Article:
Desonide topical Side Effects

Not all side effects for desonide topical may be reported. You should always consult a doctor or healthcare professional for medical advice. Side effects can be reported to the FDA here.

For the Consumer

Applies to desonide topical: topical application cream, topical application foam, topical application gel/jelly, topical application lotion, topical application ointment

In addition to its needed effects, some unwanted effects may be caused by desonide topical. In the event that any of these side effects do occur, they may require medical attention.

You should check with your doctor immediately if any of these side effects occur when taking desonide topical:

Less common
  • Blistering, burning, crusting, dryness, or flaking of the skin
  • burning, itching, redness, skin rash, swelling, or soreness at the application site
  • flushing or redness of the skin
  • irritation
  • itching, scaling, severe redness, soreness, or swelling of the skin
  • peeling of the skin
  • raised, dark red, wart-like spots on the skin, especially when used on the face
  • stinging and burning
  • unusually warm skin
Incidence not known
  • Redness and scaling around the mouth
  • thinning of the skin with easy bruising, especially when used on the face or where the skin folds together (e.g., between the fingers)

Some of the side effects that can occur with desonide topical may not need medical attention. As your body adjusts to the medicine during treatment these side effects may go away. Your health care professional may also be able to tell you about ways to reduce or prevent some of these side effects. If any of the following side effects continue, are bothersome or if you have any questions about them, check with your health care professional:

More common
  • Body aches or pain
  • chills
  • cough
  • difficulty with breathing
  • ear congestion
  • fever
  • headache
  • loss of voice
  • nasal congestion
  • runny nose
  • sneezing
  • sore throat
  • unusual tiredness or weakness
Less common
  • Cold flu-like symptoms
  • congestion
  • cough
  • hoarseness
  • irritability
  • noisy breathing
  • shortness of breath
  • tender, swollen glands in the neck
  • tightness in the chest
  • trouble with swallowing
  • voice changes
  • wheezing
Incidence not known
  • Acne or pimples
  • burning and itching of the skin with pinhead-sized red blisters
  • burning, itching, and pain in hairy areas, or pus at the root of the hair
  • lightening of normal skin color
  • lightening of treated areas of dark skin
  • reddish purple lines on the arms, face, legs, trunk, or groin

For Healthcare Professionals

Applies to desonide topical: compounding powder, topical cream, topical foam, topical gel, topical kit, topical lotion, topical ointment

Endocrine

Endocrinologic side effects of topical corticosteroids have been rare. Rarely, the hypothalamic-pituitary-adrenal axis has been suppressed. This suppression was more likely when higher potency topical steroids were used over extensive areas and when occlusive dressings were used.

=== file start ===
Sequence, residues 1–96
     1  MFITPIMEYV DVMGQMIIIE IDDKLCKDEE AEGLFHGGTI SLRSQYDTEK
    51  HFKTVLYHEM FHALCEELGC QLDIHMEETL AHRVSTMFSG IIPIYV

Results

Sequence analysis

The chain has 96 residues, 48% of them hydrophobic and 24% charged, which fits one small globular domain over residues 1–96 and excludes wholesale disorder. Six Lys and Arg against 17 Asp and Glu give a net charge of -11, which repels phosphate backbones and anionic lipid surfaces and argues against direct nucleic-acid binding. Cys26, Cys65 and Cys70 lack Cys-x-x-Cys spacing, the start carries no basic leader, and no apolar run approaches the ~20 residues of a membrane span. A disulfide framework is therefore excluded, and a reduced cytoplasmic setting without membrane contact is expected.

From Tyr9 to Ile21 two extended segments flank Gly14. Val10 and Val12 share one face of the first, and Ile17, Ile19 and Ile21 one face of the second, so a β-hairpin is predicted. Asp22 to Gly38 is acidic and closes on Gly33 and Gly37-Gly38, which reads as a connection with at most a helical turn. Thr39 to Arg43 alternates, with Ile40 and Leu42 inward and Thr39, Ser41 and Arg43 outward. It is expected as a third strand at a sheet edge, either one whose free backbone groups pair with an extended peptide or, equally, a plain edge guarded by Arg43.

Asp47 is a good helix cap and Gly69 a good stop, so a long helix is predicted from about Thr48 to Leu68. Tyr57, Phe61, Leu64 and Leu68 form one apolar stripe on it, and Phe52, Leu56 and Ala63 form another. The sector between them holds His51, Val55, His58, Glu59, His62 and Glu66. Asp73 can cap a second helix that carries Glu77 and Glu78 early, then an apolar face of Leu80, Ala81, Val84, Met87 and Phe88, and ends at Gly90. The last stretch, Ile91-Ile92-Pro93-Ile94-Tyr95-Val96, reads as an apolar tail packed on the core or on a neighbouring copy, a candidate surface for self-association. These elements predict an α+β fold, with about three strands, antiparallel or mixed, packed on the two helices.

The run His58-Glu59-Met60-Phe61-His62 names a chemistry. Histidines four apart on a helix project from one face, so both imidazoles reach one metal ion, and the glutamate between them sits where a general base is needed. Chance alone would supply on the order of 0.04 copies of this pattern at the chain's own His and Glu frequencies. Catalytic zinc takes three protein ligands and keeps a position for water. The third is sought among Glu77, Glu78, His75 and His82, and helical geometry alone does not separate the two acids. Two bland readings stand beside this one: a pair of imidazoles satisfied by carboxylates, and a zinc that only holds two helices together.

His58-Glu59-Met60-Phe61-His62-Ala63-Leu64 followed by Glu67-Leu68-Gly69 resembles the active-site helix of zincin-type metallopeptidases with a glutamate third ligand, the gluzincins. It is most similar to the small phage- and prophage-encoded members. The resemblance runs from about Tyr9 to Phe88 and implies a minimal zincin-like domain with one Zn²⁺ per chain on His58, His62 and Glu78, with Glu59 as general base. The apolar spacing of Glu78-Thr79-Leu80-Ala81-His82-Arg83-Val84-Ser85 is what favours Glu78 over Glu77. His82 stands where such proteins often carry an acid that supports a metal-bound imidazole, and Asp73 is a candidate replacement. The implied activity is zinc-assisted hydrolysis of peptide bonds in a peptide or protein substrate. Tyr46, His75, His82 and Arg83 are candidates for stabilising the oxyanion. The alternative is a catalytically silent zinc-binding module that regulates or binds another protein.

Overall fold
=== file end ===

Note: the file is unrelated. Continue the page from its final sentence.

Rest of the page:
Local

Skin on the face, axillae, and groin appear to be most susceptible to the adverse, long-term effects of topical steroids.

Topical corticosteroid use may inhibit local immune response rendering the skin more susceptible to infections. Folliculitis has occasionally been reported.

Perioral dermatitis or rosacea-like dermatitis has occurred in patients treated with potent topical corticosteroids who are of seborrheic skin type. This condition may flare temporarily upon discontinuation of topical steroids, prompting patients to continue their use. If topical corticosteroids are discontinued, this flare and the initial dermatitis generally resolves over a few weeks.

Local side effects have commonly included burning, itching, or irritation, especially when applied to denuded skin or with occlusive dressings. Long-term use of topical corticosteroids has resulted in skin atrophy and thinning, and the development of striae, telangiectasia, subcutaneous hemorrhage, and easy bruising and bleeding. Allergic contact dermatitis has been occasionally reported.

General

The use of low potency topically applied corticosteroids has been generally well tolerated.

Disclaimer: Every effort has been made to ensure that the information provided is accurate, up-to-date and complete, but no guarantee is made to that effect. In addition, the drug information contained herein may be time sensitive and should not be utilized as a reference resource beyond the date hereof. This material does not endorse drugs, diagnose patients, or recommend therapy. This information is a reference resource designed as supplement to, and not a substitute for, the expertise, skill , knowledge, and judgement of healthcare practitioners in patient care. The absence of a warning for a given drug or combination thereof in no way should be construed to indicate safety, effectiveness, or appropriateness for any given patient. Drugs.com does not assume any responsibility for any aspect of healthcare administered with the aid of materials provided. The information contained herein is not intended to cover all possible uses, directions, precautions, warnings, drug interactions, allergic reactions, or adverse effects. If you have questions about the substances you are taking, check with your doctor, nurse, or pharmacist.

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